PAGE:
Last winter, about 500 people converged on the statehouse in Austin to lobby for criminal justice reforms. In the summer, Republican Gov. Rick Perry signed a bill into law that mandates drug treatment for first time, low-level drug offenders.
The state also has introduced parole reforms that make it easier for nonviolent offenders to get out of prison. And in 2001, the Fair Defense Act was passed, mandating the state to establish standards for selecting lawyers to represent people in capital cases.
Still, many say the changes have not gone far enough as the state continues to put many people into prisons with few programs to provide education, drug treatment or job skills.
"We're trying to make more sense," testified John Creuzot, a district judge in Texas, who oversees a drug-court program, which emphasizes treatment over incarceration. "Where we begin to win the war on crime is not by locking people up, but by finding out what their underlying problems are."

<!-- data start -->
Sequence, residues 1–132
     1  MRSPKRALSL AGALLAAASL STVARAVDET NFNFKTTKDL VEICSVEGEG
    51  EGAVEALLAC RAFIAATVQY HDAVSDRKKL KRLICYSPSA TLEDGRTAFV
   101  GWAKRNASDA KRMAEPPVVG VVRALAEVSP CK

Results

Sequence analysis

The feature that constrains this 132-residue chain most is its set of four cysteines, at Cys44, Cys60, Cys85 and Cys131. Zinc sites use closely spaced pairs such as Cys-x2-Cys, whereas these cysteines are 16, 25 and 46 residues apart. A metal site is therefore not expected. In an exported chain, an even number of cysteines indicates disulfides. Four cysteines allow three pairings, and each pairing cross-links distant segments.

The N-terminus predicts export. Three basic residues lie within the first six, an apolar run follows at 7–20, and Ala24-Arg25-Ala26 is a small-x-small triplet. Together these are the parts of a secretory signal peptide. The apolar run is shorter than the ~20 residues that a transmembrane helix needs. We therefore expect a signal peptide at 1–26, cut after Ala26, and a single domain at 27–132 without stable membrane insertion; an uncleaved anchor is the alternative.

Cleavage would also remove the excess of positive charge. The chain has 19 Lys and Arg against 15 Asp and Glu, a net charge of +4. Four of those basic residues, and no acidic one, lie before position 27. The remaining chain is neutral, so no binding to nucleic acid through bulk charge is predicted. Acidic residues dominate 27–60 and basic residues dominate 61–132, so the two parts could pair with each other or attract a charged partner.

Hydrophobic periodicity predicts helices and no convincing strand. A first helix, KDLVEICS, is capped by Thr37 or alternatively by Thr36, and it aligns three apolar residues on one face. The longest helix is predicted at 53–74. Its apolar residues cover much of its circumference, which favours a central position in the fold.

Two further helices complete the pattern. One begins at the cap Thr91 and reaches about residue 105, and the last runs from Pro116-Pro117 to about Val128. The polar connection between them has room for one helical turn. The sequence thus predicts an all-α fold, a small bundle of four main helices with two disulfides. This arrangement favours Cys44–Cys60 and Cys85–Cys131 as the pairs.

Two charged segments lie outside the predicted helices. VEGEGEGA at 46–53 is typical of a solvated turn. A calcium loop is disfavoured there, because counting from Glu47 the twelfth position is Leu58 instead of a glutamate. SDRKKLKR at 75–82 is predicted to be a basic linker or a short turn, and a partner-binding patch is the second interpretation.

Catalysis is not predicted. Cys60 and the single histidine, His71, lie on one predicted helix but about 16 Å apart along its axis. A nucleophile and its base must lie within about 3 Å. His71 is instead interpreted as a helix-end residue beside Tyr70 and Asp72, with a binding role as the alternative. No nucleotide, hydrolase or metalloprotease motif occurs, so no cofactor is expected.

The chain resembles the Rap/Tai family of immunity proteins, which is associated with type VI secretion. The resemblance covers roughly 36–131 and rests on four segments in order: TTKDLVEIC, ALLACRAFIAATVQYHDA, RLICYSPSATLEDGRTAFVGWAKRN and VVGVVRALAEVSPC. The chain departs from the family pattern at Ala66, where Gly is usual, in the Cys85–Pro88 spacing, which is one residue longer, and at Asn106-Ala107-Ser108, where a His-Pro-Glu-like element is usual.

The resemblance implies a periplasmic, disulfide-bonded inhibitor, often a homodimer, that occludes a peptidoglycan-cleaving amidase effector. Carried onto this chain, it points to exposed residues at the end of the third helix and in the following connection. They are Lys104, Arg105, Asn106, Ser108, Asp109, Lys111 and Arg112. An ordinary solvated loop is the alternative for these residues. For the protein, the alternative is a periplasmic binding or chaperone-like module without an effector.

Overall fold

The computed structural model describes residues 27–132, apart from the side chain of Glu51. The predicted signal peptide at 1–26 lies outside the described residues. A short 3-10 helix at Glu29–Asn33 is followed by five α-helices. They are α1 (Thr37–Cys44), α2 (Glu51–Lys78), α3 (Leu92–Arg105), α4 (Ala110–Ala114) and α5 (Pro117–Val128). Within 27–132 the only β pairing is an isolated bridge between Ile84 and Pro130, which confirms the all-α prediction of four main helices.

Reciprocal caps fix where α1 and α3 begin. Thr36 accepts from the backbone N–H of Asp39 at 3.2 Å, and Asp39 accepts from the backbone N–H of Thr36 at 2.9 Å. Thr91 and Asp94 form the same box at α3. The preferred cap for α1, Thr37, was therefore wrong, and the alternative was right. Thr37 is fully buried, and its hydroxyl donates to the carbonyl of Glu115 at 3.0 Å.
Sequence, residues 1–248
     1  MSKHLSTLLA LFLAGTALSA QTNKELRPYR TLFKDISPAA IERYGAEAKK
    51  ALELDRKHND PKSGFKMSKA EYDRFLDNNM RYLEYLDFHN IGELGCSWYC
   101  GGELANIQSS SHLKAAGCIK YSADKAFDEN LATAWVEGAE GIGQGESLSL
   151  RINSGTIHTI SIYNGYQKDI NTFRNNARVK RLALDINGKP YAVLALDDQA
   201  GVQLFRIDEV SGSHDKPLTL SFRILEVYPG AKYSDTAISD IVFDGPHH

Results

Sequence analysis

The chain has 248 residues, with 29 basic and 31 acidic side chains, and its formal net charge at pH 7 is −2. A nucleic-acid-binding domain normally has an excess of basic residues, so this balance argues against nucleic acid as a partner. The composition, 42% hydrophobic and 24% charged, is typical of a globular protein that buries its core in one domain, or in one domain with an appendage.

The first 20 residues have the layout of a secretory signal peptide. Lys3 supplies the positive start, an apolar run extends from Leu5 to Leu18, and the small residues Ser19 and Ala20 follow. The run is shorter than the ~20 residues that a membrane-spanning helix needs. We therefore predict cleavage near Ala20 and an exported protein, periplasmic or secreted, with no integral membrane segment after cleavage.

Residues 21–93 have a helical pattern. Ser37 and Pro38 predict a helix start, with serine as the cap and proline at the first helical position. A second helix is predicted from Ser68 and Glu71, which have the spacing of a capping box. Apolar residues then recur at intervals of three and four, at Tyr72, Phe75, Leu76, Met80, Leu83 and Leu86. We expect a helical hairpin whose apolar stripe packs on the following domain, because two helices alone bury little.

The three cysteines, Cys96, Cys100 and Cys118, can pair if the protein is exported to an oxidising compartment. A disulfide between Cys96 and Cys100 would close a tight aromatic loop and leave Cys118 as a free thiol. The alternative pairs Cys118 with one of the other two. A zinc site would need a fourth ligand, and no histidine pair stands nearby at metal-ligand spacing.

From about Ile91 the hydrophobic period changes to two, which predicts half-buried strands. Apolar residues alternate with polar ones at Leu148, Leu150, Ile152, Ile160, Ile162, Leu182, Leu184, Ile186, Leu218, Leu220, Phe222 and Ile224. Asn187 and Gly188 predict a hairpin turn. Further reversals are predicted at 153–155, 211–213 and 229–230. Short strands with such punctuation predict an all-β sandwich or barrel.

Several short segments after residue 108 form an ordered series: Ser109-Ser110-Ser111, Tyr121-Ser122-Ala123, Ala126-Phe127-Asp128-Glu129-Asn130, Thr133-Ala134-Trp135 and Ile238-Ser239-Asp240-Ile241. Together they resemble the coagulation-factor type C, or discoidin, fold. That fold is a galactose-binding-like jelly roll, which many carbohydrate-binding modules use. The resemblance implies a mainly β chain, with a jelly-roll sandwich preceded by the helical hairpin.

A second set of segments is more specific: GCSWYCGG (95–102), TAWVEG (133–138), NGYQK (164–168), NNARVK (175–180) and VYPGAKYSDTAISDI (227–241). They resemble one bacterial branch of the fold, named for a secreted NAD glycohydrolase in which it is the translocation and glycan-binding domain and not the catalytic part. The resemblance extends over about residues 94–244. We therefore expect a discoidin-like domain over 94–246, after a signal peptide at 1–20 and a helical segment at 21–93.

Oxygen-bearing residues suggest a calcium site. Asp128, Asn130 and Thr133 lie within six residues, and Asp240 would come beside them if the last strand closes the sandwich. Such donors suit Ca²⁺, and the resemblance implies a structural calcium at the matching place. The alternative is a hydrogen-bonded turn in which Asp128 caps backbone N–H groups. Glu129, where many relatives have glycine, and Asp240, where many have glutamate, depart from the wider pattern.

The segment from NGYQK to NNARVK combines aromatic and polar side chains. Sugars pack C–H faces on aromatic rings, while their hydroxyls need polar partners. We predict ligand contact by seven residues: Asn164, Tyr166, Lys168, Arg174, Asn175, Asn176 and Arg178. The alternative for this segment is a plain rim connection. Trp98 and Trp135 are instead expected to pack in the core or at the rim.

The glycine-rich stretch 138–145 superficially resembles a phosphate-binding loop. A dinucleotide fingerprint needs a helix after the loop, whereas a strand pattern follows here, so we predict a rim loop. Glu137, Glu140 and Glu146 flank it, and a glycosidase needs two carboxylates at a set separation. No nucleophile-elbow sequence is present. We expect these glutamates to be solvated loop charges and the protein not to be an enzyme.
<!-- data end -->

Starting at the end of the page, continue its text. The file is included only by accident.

On Monday, the bar association is expected to take up the issue of gay marriage. While the group does not intend to endorse same-sex unions, it is expected to vote on a plan to encourage states to write their own marriage rules -- without interference from Washington. The mid-year meeting, which began on Wednesday, wraps up on Tuesday.